Mr. Masur: That is interesting. Sri Chinmoy’s music is very simple, and I am happy because of that. His songs are extraordinary. His piano music is very rich and full of imagination.
Sri Chinmoy: Most of the great musicians of the past and present have been mercilessly criticised by their contemporaries. So last year I wrote a booklet in support of them.
Mr. Masur: (laughs): Are you criticised by somebody?
Sri Chinmoy: Every second. (Laughter) But I am not affected because I know I am not the doer. Whoever has played in and through me has to take the blame.
Singer: Everybody has to make their money, so some people make their money by criticising.
Mrs. Masur: At least we can say that nobody is born to be a critic. What does it mean to he a critic? Is one allowed to criticise other people? Does God approve of this?
Sri Chinmoy: Critics are life’s failures. They have failed, and now they have to do something to amuse themselves, so they criticise others. Nobody likes critics. If I am imperfect, which I am, nobody knows my imperfections better than I do. But when somebody criticises me, in no way is that person helping me to perfect my nature.
Critics are those who, when they look at the moon, see only black dots. They do not help mankind at all. But those who see and appreciate the good qualities in others are bringing others’ good qualities to the fore. By appreciating me, you are bringing forward my aspiration to become a better human being and a better citizen of the world and vice versa.
Mr. Masur: That is true.
Sri Chinmoy: When we criticise someone, we are only making ourselves an object of ridicule.
Singer: The problem is that people like to read harsh criticism. People like to read critics who are really snide and nasty. This is what ruins the arts.
Mr. Masur: Why do they want to read this kind of thing? Because they hate people whom they feel are more talented than they themselves are! The critics are also like that. I would allow only somebody who has proven to be my friend to criticise me because I know he sincerely wants to help me. Others’ criticism I am not interested in.
Sri Chinmoy: When I look at a rose, I only want to appreciate its beauty and enjoy its fragrance. But if I look at the rose to see how many thorns it has or how many insects are on it, then I get nothing from the rose. When I use my heart, I want to enjoy the beauty and fragrance of the rose. But when I use my mind, I want to see how many of its petals are in perfect order or how many thorns it has. Then I lose the very purpose I had in looking at the rose.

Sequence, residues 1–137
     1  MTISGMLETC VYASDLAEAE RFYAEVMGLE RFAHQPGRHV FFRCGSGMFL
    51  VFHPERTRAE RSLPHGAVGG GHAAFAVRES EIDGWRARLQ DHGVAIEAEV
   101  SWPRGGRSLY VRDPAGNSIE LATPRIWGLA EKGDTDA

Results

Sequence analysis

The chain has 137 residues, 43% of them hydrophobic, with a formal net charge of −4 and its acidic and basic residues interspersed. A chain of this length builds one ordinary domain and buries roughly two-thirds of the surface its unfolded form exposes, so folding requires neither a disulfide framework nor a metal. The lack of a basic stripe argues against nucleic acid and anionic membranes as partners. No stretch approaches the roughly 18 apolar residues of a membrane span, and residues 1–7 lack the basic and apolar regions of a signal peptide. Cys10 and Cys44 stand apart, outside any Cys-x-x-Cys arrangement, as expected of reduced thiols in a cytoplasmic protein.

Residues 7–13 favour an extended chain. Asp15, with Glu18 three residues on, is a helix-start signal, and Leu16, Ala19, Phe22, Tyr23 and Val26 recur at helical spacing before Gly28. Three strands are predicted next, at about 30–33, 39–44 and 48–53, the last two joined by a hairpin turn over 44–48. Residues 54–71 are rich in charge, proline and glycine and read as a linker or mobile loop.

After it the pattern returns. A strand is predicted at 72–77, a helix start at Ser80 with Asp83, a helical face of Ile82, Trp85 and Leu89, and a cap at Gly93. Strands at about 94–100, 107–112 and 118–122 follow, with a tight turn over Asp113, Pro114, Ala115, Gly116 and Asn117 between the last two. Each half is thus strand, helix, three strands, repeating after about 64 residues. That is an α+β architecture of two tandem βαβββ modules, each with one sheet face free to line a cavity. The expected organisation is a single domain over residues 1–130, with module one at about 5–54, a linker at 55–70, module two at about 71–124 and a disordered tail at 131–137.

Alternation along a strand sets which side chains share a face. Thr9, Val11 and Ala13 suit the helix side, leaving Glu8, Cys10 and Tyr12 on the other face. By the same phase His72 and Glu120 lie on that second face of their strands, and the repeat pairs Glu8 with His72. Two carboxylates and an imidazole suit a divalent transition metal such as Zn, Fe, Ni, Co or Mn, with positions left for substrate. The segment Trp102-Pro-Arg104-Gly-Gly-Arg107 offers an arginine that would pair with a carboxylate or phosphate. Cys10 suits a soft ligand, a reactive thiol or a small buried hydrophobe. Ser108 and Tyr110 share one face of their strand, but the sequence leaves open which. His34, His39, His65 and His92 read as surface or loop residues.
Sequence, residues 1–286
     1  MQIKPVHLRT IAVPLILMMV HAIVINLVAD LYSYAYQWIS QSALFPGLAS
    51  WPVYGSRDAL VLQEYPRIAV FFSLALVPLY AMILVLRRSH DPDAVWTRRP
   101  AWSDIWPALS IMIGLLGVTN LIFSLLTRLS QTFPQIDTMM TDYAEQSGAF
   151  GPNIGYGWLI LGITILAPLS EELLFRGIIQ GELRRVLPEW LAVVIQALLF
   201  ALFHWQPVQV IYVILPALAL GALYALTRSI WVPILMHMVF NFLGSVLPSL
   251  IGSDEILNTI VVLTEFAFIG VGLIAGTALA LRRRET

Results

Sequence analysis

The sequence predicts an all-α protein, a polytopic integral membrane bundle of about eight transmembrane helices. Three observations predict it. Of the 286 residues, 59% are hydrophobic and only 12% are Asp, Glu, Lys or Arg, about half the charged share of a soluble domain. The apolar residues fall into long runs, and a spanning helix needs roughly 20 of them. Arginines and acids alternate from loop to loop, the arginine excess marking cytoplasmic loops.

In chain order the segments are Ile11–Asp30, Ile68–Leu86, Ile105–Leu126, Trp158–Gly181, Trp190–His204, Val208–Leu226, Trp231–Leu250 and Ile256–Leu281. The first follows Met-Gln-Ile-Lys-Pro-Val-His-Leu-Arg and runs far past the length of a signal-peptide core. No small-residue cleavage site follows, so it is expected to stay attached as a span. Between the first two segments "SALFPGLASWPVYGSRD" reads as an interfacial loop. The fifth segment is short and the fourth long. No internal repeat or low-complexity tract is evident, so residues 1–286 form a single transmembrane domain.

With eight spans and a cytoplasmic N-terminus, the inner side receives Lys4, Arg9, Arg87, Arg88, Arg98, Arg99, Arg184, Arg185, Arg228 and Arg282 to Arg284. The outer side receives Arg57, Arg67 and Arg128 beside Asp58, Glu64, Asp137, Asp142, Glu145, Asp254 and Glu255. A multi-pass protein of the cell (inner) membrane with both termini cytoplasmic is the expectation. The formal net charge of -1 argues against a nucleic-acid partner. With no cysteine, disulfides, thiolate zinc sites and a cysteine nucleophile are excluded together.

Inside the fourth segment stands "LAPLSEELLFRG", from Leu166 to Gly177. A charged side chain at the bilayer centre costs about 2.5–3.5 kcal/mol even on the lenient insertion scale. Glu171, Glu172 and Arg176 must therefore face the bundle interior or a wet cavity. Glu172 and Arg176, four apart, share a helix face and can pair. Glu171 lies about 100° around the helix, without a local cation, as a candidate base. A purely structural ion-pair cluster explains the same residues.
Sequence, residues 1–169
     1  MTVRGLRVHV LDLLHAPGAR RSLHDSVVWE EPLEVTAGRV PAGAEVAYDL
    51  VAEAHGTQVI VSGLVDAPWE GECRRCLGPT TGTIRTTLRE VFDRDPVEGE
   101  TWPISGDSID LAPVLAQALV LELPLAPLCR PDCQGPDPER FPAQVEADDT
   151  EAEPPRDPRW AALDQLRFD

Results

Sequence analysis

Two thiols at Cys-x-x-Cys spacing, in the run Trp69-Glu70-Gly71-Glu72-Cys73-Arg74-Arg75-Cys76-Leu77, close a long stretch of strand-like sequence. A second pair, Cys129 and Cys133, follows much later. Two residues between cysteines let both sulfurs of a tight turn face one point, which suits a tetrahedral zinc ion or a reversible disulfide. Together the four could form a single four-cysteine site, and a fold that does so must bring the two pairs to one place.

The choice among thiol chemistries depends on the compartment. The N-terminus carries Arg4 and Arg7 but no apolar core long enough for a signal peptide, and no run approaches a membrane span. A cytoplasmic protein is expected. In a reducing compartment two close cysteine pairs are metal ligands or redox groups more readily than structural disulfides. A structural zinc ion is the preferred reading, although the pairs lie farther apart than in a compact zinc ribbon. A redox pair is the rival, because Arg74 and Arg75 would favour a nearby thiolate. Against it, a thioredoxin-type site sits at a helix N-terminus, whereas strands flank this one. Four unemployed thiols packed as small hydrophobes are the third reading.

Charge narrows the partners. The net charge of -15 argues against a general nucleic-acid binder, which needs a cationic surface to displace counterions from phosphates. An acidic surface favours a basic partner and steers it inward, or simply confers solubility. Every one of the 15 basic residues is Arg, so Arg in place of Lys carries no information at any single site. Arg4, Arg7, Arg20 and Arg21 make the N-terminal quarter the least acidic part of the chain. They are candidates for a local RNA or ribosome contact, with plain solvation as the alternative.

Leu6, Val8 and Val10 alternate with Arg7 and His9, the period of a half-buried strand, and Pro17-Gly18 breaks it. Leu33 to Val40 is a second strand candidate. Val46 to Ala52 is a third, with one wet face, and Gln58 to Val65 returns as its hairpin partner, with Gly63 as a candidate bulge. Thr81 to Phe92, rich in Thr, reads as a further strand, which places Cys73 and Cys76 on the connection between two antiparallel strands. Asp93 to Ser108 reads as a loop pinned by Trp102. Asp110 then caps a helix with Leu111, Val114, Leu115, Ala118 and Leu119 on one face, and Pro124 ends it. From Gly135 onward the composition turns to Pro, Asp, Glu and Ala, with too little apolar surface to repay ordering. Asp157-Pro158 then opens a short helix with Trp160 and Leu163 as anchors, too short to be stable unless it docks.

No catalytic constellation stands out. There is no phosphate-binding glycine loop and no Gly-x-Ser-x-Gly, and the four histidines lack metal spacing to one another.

Each singer, each musician, is like a rose. He is creating something new, and I come to him to appreciate what he has and what he is. I enter into him in order to see and appreciate his creation. But if I come as a critic, I only put up a barrier between him and myself, and I am not able to enjoy his creation at all. So how stupid it is to be a critic!
(To Mrs. Masur) Next year I would like to invite you to sing for us. My students will come from all over the world in April, and I would be extremely grateful if you could sing for us.
Mr. Masur: It would be wonderful because she has experience from many different countries. I told you she grew up as a daughter of an Anglican priest in Tokyo. Then she started to study German literature, but she didn’t like it. Then she went to Rio de Janeiro and then to France to teach children.
While she was studying German literature, she played the violin very well and then she started to study singing in Germany. Later, when I met her, she was working with the orchestra in Rio de Janeiro playing the viola. Now she has a very strong feeling for Spanish music as well as for Portuguese, Brazilian, Japanese and German music because she learned them all. I am always very impressed by how many things she can understand — and she comes from such a different culture.
Singer: She is a universal soul.
Mrs. Masur: I was very lucky to know so many other countries, especially their music. I am very happy and lucky.
(Sri Chinmoy presents a photo album with pictures from the morning’s meeting.)